That night after his wife fell asleep, Alford retrieved the leg from his car trunk, wrapped it in a moving quilt and stashed it in the corner of the shed where he kept his lawn equipment. The next day an attractive woman in her thirties approached Glenda in Customer Service and inquired if anybody had turned in a lost leg.
“Can you describe it?” asked Glenda.
“You’re kidding, right?” Glenda gave the woman her patented “I’m all business look.”
“I can tell you the toe nails are polished in high gloss cherry red polish,” she said with a wink and a change in the pitch of her voice. Glenda told the woman that a leg was turned in but was claimed by the bus driver who found it.
“Why in heaven’s name would he want to such a thing?” she asked.
“I don’t know. You need to ask him.”
“Can you give me the driver’s name and phone number?”
“We aren’t allowed to do that, but if you give me your name and phone number, I’ll contact him with your information.” She printed her name, Miss Courtney, in large flamboyant sweeping letters, including her phone number.“I will give this to him, Miss Courtney. I’m sure he’ll be happy that we have connected the leg with its owner.”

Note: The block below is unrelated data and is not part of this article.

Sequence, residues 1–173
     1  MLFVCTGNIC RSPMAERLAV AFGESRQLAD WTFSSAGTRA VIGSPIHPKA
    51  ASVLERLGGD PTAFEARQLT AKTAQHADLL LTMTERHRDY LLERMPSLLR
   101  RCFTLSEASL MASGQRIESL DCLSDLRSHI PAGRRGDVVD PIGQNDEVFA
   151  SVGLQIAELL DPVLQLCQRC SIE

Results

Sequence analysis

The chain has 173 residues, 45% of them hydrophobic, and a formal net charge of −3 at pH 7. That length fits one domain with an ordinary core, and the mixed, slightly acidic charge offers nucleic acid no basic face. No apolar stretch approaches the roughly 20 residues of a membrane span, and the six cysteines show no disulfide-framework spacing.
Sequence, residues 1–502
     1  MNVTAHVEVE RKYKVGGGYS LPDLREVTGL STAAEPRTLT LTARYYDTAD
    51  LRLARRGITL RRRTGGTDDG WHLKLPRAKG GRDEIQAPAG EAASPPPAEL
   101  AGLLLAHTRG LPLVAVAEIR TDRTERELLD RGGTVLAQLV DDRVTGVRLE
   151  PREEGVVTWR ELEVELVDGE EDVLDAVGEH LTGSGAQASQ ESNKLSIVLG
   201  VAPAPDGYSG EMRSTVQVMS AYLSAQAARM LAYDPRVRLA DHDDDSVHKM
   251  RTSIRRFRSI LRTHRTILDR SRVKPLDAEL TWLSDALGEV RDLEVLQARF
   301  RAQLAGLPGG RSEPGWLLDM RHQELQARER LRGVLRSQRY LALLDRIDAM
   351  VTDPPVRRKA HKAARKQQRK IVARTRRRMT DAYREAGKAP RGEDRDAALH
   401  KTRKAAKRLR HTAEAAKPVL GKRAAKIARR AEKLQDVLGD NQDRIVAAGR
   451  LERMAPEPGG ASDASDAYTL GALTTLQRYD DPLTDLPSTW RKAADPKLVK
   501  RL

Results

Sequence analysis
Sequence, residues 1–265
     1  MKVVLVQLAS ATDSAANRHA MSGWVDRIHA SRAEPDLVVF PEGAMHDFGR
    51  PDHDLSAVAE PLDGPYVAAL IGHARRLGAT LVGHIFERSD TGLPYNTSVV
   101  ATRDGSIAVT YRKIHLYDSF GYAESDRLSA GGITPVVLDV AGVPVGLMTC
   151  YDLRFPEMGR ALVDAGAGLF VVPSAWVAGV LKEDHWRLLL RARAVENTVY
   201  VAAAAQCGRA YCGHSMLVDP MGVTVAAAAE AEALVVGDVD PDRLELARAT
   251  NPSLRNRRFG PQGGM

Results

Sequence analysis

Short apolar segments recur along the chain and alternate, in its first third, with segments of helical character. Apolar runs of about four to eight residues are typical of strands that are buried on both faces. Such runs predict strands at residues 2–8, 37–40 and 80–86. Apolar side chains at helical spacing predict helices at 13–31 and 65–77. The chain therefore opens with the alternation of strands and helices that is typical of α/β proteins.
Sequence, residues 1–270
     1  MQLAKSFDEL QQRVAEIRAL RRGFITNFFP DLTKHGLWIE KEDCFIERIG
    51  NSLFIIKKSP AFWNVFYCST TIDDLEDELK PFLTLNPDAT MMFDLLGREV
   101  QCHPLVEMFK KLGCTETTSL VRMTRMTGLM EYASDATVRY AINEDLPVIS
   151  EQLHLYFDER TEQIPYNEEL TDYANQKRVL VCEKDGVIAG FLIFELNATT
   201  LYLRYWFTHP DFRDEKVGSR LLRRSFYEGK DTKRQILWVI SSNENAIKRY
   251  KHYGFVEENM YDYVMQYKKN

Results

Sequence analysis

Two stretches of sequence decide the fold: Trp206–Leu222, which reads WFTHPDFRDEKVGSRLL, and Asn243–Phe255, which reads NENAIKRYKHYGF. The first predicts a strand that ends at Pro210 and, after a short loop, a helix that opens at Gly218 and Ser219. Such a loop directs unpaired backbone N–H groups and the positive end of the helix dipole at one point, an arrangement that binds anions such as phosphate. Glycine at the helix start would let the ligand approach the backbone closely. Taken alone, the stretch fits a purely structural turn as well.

“Can you tell him I’ll be more than happy to compensate him for his thoughtfulness?”
“I’m sure he’d appreciate that.”
It was at about that time that Alford’s wife, Tina, wanted to surprise Alford and mow the lawn so he wouldn’t have to do it after he got off work. In the corner of the shed she saw something wrapped in a moving quilt, the kind that you rent from U-Haul. She grabbed the quilt and unwrapped it.
About a mile from his house, Alford’s cell rang to the tune of Michael Jackson’s, “Beat It.” It was Glenda.
“That lady came for her leg. Do you want to talk to her?”
“What did she say?”
“She said she wanted her leg back. What do you think she said?”
Alford still couldn’t figure out why the woman left the leg behind to begin with. She had to know something was amiss before he even pulled away from the stop—and to wait so long to claim it. What was that all about? He wrote the number on a scrap of paper as Glenda called out the digits and stashed it in his front pocket. When he hit the back door, his wife greeted him. She was holding the leg like it was a club.
“You wanna explain this leg before I thump your sorry ass with it?”
“What are you talking about?”
“What my ass! What are you doing with this leg?”
“It’s not what it looks like.”
“What’s it supposed to look like?” Alford was tongue tied. “Well, I’m waiting,” she said.
“I don’t see shit.”
“I was safekeeping it.”
“Safekeeping for what, or who?”
“For its owner. She left it on my bus. If nobody claims it after 30 days, they get rid of it. They do that with everything. I couldn’t bear the thought that one of my customers out there trying to get around short one leg.”
“And you mean to tell me that some bitch got on your bus with two legs and got off with only one?” She got in his face. “You expect me to believe that shit?”